CNBC Pro

The case for Enphase Energy — a solar company once on the brink of bankruptcy that's now booming

Key Points
  • In January, Enphase Energy joined the S&P 500 — the first pure-play solar company to be added to the benchmark index — after being on the brink of bankruptcy a few years ago.
  • Enphase makes microinverters, often known as the "brains" behind a solar system.
  • The stock gained 570% in 2020 after jumping 452% in 2019.
  • Analysts says Enphase's expansion into new markets should continue to drive growth.
Solaray Director Jonathan Fisk moves a solar panel at the solar power installation company's Sydney facility
Jason Reed | Reuters

In January, Enphase Energy joined the S&P 500 — the first pure-play solar company to be added to the benchmark index. That would be achievement enough for any corporation. But the vote of confidence is even more surprising given that, just a few years ago, Enphase was on the brink of bankruptcy.

Enphase is best known for pioneering a specialized form of inverter — often referred to as the brains of a solar system – known as a microinverter, which converts direct current electricity generated by solar modules to standard AC electricity. Since 2016, as solar power has taken off, the company has staged an epic turnaround. Enphase brought in new management and focused on cutting costs while creating a top-of-the-line product. Following the restructuring, the company has steadily clawed back market share from rival SolarEdge, and the two companies now essentially hold a duopoly on the U.S. residential solar inverter market.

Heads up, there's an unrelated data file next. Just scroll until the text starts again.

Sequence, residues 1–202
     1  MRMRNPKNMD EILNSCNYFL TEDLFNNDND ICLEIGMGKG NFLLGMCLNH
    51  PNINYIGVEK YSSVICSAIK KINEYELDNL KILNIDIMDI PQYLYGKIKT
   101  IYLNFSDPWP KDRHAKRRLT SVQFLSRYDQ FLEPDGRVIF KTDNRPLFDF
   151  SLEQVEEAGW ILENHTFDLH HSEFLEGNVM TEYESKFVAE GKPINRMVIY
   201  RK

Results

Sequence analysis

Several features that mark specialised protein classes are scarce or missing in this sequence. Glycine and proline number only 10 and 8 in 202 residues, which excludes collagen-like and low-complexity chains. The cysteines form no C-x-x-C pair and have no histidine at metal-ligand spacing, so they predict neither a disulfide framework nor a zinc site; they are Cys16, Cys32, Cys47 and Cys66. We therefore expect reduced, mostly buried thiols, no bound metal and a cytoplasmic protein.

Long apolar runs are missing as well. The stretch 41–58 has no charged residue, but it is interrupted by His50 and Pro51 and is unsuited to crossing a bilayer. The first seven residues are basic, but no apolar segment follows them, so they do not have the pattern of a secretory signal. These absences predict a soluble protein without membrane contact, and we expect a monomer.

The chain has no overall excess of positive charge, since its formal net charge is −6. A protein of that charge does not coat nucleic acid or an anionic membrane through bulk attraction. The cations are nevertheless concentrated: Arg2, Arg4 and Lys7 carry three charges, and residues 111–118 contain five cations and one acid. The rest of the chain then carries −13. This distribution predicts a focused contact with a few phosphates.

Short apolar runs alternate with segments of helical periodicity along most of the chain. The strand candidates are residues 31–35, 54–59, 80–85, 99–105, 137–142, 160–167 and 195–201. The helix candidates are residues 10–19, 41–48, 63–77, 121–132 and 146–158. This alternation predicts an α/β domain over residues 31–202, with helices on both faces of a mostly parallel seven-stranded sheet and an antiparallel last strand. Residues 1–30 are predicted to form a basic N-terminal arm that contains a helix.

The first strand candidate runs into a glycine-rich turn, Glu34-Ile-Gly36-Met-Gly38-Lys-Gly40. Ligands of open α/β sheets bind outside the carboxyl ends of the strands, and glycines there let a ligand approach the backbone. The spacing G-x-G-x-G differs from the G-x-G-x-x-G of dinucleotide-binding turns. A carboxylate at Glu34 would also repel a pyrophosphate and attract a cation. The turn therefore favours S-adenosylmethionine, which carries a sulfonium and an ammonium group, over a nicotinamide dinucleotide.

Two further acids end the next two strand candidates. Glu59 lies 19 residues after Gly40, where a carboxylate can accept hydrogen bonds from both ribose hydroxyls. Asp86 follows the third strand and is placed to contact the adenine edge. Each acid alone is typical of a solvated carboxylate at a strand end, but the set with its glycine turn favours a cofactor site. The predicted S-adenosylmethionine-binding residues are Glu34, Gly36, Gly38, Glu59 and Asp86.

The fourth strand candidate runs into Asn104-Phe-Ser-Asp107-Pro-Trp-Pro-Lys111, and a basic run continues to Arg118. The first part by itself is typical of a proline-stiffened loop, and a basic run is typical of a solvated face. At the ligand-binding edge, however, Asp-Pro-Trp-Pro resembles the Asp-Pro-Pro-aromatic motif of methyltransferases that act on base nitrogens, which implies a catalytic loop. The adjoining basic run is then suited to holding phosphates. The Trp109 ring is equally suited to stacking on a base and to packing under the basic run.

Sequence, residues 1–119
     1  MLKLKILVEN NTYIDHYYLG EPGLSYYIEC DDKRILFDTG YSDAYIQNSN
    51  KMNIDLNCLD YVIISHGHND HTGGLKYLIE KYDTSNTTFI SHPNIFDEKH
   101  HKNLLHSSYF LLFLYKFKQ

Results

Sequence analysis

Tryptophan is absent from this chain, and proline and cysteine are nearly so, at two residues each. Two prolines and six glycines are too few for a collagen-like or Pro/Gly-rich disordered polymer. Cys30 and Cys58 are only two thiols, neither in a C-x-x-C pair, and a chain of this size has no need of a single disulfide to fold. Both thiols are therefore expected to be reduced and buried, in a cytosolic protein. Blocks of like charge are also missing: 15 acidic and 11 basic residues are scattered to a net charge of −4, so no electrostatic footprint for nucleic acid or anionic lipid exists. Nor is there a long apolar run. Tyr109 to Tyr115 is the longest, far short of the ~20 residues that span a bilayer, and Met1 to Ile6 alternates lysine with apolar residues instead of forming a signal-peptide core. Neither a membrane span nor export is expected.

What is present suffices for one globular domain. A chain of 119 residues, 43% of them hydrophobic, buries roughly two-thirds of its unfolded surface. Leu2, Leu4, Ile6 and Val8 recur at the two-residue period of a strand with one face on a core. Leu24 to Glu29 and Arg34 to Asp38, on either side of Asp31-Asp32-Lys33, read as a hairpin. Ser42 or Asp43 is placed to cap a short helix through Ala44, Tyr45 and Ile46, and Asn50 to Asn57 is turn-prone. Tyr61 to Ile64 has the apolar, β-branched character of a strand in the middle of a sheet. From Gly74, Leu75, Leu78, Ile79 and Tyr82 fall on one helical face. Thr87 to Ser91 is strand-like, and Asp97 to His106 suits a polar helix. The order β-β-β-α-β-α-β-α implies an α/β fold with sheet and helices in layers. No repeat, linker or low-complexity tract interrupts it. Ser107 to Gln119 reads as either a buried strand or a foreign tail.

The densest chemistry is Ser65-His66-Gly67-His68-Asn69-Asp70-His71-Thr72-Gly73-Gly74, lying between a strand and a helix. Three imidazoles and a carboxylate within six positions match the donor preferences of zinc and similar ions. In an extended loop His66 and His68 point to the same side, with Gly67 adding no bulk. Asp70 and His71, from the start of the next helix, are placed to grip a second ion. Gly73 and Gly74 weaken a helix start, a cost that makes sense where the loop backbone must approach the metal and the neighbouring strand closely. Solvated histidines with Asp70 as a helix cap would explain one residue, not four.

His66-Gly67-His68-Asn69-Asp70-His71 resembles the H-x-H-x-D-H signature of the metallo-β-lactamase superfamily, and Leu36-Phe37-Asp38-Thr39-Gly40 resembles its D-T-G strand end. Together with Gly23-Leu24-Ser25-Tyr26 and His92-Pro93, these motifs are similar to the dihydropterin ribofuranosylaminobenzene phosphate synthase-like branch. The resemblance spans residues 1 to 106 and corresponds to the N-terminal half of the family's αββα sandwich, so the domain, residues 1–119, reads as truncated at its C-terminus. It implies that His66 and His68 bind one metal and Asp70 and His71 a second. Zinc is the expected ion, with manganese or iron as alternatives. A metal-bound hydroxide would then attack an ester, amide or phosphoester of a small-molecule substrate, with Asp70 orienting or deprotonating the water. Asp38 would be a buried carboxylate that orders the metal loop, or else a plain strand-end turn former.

More In Stock Deep Dive

CNBC ProSummer travel is booming. Airline investors are about to hear what happens next
CNBC ProHere are the cloud stocks that do the best job of expanding business with existing clients
CNBC ProUnited is chasing premium travelers with a massive aircraft order. What investors need to know